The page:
Medical reasons for hair loss

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Ayo Otubanjo

There are different types of hair loss and only a proper clinical diagnosis can guide the specialist on the right course of therapy to recommend for effective hair restoration.  A particular type of hair loss (cicatricial alopecia) sometimes seen at our clinics in Nigeria and usually among women can be easily confused with the more common female pattern baldness because of the similarities in appearance.

The term cicatricial alopecia refers to a diverse group of uncommon disorders, which destroys the hair follicles and the associated sebaceous (oil) glands that eventually result in permanent hair loss.

The process may or may not be symptomatic. In some cases, hair loss is gradual with no symptoms and the patient may not even be aware of the hair loss until such time as it becomes more pronounced. In other cases,  the hair loss progresses rapidly with associated itchiness and pain or discomfort on the scalp.

The follicle is destroyed by an inflammation, just below the skin surface, with no visible scar to be seen on the scalp. The scalp becomes smooth and shiny and bereft of hair with little or no sign of any inflammation. Sometimes in less common cases, the inflammation is marked with the patient experiencing redness, scaling and an increased or reduced pigmentation on the scalp.

Despite the limited research carried out on this disorder, it is still not entirely clear what causes the different types of cicatricial alopecia, but we know it involves an inflammation of the upper part of the hair follicle where the stem cells and sebaceous glands are located. We also know that once the stem cells and sebaceous glands are destroyed, there is no possibility of the regeneration of the hair follicle, and this invariably results in hair loss.

Cicatricial alopecia occurs in both sexes and can be experienced at any age, but it is seen mainly in adults and rarely affects children. A specific type of cicatricial alopecia called central centrifugal alopecia is usually experienced by women of African origin.

Anecdotal evidence collected over several years in clinical consultations suggests that hair treatment is a triggering factor in patients. Some of the hair treatments mentioned by patients, who have attended consultations and had cicatricial alopecia diagnosed, include chemical relaxers and glue bonding products.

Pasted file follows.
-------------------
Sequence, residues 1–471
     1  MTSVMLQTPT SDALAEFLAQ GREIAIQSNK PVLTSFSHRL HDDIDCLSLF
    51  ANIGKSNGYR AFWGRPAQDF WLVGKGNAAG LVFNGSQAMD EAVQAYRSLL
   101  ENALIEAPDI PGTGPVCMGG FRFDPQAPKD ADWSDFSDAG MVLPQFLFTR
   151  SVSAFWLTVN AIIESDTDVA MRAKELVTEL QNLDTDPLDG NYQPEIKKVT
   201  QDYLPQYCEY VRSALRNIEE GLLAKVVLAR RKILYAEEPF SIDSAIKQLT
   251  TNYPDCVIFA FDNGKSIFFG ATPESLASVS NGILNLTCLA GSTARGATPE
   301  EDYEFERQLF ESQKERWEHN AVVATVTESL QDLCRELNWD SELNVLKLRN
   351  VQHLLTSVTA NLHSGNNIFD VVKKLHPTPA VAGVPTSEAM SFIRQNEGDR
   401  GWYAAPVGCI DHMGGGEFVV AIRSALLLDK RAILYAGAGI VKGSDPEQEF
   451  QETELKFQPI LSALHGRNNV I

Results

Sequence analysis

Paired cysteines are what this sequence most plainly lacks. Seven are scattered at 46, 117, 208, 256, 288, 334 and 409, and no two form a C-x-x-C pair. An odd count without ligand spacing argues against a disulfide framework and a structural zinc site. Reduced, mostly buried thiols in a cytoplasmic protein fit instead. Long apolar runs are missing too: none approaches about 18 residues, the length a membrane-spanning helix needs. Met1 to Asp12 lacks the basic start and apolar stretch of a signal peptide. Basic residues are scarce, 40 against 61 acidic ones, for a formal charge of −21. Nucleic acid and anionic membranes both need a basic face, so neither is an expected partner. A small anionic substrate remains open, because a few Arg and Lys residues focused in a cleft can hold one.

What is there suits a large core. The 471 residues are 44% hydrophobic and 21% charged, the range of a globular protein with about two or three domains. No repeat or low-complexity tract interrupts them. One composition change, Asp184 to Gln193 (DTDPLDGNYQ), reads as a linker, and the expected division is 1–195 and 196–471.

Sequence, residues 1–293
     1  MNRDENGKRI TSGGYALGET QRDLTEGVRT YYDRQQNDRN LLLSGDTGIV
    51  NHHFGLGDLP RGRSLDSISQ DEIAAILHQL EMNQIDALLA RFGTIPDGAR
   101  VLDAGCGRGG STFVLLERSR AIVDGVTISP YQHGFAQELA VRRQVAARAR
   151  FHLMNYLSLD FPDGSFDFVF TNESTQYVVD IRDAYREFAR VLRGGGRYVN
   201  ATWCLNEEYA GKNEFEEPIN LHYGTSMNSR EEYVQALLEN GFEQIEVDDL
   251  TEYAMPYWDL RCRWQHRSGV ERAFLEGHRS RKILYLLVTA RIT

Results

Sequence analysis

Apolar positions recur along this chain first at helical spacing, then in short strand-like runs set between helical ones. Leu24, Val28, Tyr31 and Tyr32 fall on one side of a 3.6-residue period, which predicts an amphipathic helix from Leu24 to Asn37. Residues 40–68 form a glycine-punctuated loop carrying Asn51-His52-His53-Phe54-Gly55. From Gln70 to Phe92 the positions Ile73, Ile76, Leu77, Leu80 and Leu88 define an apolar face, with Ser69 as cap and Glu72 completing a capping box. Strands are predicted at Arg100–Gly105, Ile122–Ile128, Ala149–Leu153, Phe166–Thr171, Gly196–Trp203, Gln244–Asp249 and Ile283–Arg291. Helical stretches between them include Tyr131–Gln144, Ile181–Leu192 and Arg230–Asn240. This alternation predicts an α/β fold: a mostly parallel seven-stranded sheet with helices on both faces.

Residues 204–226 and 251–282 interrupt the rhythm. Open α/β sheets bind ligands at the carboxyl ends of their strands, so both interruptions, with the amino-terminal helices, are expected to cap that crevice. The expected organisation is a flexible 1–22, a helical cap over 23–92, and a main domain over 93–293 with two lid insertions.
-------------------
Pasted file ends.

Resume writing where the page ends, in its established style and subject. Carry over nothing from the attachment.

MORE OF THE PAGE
Most cicatricial alopecias are not contagious and they are generally not associated with any other illness, but can occur in otherwise healthy men and women. The majority of patients have no family history of this particular hair loss type, except those experiencing central centrifugal alopecia.

Visual evidence of cicatricial alopecia is manifested in the absence of any openings of hair follicles on the scalp where the hair fibres would be expected to grow through. However, a proper diagnosis can only be confirmed with a scalp biopsy.

A pull test might also be required to support the diagnosis and help focus the biopsy on the area affected by the disease. A pull test is performed by the doctor pulling a clump of hair around the area where the disease is active.

The results of the pull test are based on the number of hairs removed with each pull and by observing if the hairs contain intact follicles. A positive test would normally yield about five or more hairs. It indicates active inflammation that is damaging and loosening the follicles from the surrounding tissue.

The type of inflammation revealed by the scalp biopsy and the pattern of hair loss helps to determine the type of cicatricial alopecia and the most effective restoration therapy appropriate.

After the disease has been inactive for between one to two years, surgical hair restoration may be useful for restoring hair to the bald areas. However, it is worth noting that cicatricial alopecia may recur even after surgical intervention.

Further information can be found on www.vincihairclinic.com or send emails to [email protected]

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